Plato's student Aristotle (384-322 BC) famously set forth an extended treatise on rhetoric that still repays careful study today. Aristotle's treatise on rhetoric is an attempt to systematically describe civic rhetoric as a human art or skill (techne). His definition of rhetoric as a mode of discovery seems to limit the art to the inventional process, and Aristotle heavily emphasizes the logical aspect of this process. But the treatise in fact also discusses not only elements of style and (briefly) delivery, but also emotional appeals (pathos) and characterological appeals (ethos). He thus identifies three steps or "offices" of rhetoric--invention, arrangement, and style--and three different types of rhetorical proof:

Ethos: the source's credibility, the speaker's/author's authority

Pathos: the emotional or motivational appeals; vivid language, emotional language and numerous sensory details.

Logos: the logic used to support a claim (induction and deduction); can also be the facts and statistics used to help support the argument.

Inductive reasoning uses examples (historical, mythical, or hypothetical) to draw conclusions.

Deductive reasoning uses generally accepted propositions to derive specific conclusions. The term logic evolved from logos.

Aristotle also identifies three different types or genres of civic rhetoric: forensic (also known as judicial, was concerned with determining truth or falsity of events that took place in the past, issues of guilt), deliberative (also known as political, was concerned with determining whether or not particular actions should or should not be taken in the future), and epideictic (also known as ceremonial, was concerned with praise and blame, values, right and wrong, demonstrating beauty and skill in the present).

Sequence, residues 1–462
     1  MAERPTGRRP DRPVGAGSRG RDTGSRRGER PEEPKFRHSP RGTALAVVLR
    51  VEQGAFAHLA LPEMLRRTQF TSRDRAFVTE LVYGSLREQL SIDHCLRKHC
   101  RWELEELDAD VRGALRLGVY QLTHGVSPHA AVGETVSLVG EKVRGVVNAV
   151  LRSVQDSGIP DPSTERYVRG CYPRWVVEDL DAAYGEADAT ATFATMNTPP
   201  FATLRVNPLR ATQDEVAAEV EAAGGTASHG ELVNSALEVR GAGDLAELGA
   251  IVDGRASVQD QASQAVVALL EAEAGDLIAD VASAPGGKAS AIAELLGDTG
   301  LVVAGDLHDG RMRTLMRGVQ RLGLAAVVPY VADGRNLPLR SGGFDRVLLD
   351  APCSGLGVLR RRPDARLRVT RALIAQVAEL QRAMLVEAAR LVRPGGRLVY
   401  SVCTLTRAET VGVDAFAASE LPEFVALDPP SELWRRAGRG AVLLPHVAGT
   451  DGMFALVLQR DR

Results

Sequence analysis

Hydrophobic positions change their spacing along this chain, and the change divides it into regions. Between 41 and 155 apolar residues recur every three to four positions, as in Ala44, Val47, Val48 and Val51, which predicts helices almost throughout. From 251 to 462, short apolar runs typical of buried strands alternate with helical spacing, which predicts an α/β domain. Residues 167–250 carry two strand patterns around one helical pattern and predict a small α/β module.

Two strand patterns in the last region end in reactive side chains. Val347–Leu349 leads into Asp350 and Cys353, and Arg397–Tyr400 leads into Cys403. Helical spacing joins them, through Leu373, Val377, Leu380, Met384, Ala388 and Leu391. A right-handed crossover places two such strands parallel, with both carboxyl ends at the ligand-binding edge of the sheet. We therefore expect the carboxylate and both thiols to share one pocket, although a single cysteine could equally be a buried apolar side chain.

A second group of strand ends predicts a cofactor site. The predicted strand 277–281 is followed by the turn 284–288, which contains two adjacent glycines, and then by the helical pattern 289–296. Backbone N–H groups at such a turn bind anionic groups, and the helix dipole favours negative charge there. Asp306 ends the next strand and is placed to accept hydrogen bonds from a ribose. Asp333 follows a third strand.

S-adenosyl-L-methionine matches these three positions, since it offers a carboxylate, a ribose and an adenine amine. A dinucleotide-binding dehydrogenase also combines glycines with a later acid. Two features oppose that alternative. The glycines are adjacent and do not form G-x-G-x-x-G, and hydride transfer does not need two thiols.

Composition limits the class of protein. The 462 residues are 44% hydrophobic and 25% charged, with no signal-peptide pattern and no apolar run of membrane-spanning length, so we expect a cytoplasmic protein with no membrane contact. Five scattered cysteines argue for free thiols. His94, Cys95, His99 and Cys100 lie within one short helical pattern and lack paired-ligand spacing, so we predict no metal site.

Contemporary studies of rhetoric have a more diverse range of practices and meanings than was the case in ancient times. The concept of rhetoric has thus shifted widely during its 2500-year history. Rhetoricians have recently argued that the classical understanding of rhetoric is limited because persuasion depends on communication, which in turn depends on meaning. Thus the scope of rhetoric is understood to include much more than simply public--legal and political--discourse.

So while rhetoric has traditionally been thought of being involved in such arenas as politics, law, public relations, lobbying, marketing and advertising, the study of rhetoric has recently entered into diverse fields such as humanities, religion, social sciences, law, science, journalism, history, literature and even cartography and architecture. Every aspect of human life and thought that depends on the articulation and communication of meaning can be said to involve elements of the rhetorical.

Directions: Answer the following questions.
  1. What is rhetoric?
  2. Describe the role rhetoric played in ancient and medieval Greece.
  3. Who were Sophists? Research any Sophist and write a short biography.
  4. How has the concept of rhetoric changed over time?
  5. Differentiate between inductive and deductive reasoning.